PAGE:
W3C Launches Push for Social Web Application Interoperability
21 July 2014 | Archive
W3C today launched a new Social Activity to develop standards to make it easier to build and integrate social applications with the Open Web Platform. Future standards —including vocabularies for social applications, activity streams, embedded experiences and in-context actions, and protocols to federate social information such as status updates— will address use cases that range from social business applications, to cross-organization federation, to greater user control over personal data. Read the complete joint press release with OpenSocial Foundation.
W3C chartered two groups today to carry out these activities:
- The Social Web Working Group will define the technical standards and APIs to facilitate access to social functionality as part of the Open Web Platform. These include a common JSON-based syntax for social data, a client-side API, and a Web protocol for federating social information such as status updates.
- The Social Interest Group will co-ordinate messaging around social at the W3C and formulate a broad strategy to enable social business and federation. It will harvest use-cases and review specifications produced by technical working groups in the light of those use-cases.
The Social Web Working Group’s first face-to-face meeting will take place the last week of October, as part of TPAC 2014, W3C’s annual gathering of Working Groups.
W3C Invites Implementations of Polyglot Markup: A robust profile of the HTML5 vocabulary
17 July 2014 | Archive
The HTML Working Group invites implementation of the Candidate Recommendation of Polyglot Markup: A robust profile of the HTML5 vocabulary. It is sometimes valuable to be able to serve HTML5 documents that are also well formed XML documents. An author may, for example, use XML tools to generate a document, and they and others may process the document using XML tools. The language used to create documents that can be parsed by both HTML and XML parsers is called polyglot markup. Polyglot markup is the overlap language of documents that are both HTML5 documents and XML documents.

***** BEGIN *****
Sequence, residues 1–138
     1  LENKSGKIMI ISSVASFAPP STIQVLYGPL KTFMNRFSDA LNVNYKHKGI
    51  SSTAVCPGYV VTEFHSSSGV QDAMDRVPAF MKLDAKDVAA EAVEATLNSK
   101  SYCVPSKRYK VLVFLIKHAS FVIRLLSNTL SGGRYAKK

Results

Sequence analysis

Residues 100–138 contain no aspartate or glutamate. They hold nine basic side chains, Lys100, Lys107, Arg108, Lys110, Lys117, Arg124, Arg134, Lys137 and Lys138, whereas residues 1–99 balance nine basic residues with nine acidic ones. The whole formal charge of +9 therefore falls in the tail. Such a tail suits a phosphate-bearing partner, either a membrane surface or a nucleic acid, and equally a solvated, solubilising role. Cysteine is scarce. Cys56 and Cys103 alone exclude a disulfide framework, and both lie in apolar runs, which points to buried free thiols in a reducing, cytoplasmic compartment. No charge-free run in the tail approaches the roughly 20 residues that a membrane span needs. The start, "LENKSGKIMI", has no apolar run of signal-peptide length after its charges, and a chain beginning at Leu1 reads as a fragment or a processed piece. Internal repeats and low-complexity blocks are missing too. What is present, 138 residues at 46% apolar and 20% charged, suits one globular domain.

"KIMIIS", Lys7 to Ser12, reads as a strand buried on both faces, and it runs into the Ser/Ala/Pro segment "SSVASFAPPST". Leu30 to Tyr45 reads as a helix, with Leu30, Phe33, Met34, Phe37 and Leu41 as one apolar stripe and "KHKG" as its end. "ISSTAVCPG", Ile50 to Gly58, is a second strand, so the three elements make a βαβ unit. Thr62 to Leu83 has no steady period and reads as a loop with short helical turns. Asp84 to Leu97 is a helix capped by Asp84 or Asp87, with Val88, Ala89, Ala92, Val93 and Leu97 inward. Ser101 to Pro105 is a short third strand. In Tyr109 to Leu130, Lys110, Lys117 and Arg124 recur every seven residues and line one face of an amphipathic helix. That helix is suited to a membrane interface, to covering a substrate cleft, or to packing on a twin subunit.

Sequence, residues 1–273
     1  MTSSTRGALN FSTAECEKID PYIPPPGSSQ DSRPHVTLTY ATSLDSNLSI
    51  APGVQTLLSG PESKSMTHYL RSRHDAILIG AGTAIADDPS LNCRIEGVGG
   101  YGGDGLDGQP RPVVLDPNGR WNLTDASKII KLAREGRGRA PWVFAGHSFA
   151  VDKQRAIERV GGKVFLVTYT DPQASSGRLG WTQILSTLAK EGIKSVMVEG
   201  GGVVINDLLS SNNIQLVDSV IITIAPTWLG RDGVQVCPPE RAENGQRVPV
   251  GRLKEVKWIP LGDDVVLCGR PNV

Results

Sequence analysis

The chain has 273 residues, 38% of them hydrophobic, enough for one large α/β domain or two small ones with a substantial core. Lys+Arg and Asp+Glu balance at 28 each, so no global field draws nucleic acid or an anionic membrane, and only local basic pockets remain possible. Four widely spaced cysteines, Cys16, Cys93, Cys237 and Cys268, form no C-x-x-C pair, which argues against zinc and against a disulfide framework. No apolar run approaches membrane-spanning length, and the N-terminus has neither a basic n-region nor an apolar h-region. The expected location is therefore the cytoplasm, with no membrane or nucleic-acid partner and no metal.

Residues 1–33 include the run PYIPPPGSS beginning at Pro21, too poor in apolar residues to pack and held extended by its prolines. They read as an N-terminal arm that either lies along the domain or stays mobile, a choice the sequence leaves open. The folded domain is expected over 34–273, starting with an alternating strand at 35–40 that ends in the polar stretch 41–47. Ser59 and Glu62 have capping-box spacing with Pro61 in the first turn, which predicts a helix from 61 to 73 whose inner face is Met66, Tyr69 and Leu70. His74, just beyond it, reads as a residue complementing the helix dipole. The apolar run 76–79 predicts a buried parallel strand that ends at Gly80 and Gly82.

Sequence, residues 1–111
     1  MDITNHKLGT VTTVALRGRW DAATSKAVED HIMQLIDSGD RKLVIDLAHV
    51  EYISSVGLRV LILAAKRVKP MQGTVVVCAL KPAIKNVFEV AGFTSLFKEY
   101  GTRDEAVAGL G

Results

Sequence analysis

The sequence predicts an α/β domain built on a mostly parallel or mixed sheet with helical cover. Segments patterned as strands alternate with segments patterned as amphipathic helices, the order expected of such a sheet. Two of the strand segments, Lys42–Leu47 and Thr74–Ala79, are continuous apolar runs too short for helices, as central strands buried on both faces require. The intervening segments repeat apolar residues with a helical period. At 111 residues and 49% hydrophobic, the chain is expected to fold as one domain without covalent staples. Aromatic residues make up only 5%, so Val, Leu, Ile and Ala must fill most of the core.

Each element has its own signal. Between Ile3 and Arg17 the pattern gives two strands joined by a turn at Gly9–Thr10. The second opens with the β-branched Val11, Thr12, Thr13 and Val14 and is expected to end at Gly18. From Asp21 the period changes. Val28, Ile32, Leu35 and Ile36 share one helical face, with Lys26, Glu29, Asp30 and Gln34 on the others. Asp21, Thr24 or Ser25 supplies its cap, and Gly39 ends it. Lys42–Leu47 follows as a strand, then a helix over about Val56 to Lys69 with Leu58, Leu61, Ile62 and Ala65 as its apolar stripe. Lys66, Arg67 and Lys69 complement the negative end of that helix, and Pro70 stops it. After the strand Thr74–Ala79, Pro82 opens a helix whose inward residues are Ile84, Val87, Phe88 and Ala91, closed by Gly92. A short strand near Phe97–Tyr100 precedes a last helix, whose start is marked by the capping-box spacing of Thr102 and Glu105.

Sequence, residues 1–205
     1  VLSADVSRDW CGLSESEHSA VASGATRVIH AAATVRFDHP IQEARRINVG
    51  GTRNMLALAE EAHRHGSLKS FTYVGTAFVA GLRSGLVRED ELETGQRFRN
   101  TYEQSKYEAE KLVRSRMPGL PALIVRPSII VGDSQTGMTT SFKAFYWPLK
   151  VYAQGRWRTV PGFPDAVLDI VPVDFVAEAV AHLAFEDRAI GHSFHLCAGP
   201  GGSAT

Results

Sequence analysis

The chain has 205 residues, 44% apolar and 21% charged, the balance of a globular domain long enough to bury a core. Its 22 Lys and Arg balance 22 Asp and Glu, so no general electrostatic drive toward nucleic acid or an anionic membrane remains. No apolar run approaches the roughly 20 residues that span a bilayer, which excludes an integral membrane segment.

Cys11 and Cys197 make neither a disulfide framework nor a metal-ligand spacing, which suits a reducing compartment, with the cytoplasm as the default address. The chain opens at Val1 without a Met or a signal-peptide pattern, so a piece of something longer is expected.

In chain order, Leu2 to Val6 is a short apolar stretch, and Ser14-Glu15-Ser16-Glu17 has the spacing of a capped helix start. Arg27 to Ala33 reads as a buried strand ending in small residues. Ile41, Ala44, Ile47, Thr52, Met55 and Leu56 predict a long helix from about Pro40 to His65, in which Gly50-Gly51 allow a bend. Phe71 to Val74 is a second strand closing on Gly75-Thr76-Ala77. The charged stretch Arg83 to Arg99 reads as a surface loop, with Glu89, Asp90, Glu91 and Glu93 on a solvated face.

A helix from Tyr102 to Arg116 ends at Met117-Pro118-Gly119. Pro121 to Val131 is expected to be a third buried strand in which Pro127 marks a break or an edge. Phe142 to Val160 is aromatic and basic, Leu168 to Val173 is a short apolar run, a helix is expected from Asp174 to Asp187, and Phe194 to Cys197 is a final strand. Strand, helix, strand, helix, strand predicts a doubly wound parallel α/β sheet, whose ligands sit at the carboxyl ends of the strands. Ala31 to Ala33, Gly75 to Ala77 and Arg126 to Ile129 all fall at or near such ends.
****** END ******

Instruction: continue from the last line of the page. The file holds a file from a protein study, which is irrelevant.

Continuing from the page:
Web Annotations on the Horizon
15 July 2014 | Archive
Annotation, the act of creating associations between distinct pieces of information, is a widespread activity online in many guises but currently lacks a structured approach. People comment about online resources using tools built into the hosting web site, external web services, or the functionality of an annotation client. When reading eBooks, people make use the tools provided by reading systems to add and share their thoughts or highlight portions of texts. Comments about photos, videos, and audio tracks, questions or clarifications about data, maps, and social media posts or mentions are all forms of annotation.
However, annotation currently lacks a structured approach. Comments are siloed inside the blog or comment system hosted and controlled by the publisher of the original document, or inside an eBook reader. They aren’t readily available for syndication or aggregation, and it’s difficult to find more comments by an insightful author if they are scattered around different places on the web. Worthwhile commentary is obscured by trolling, spam, or trivial comments. These are challenges both social and technical.
The public is invited to comment on the draft charter.
Character Model for the World Wide Web: String Matching and Searching Draft Published
15 July 2014 | Archive
The Internationalization Working Group has published a Working Draft of Character Model for the World Wide Web: String Matching and Searching. This document builds upon on Character Model for the World Wide Web 1.0: Fundamentals to provide authors of specifications, software developers, and content developers a common reference on string identity matching on the World Wide Web and thereby increase interoperability. Learn more about the Internationalization Activity.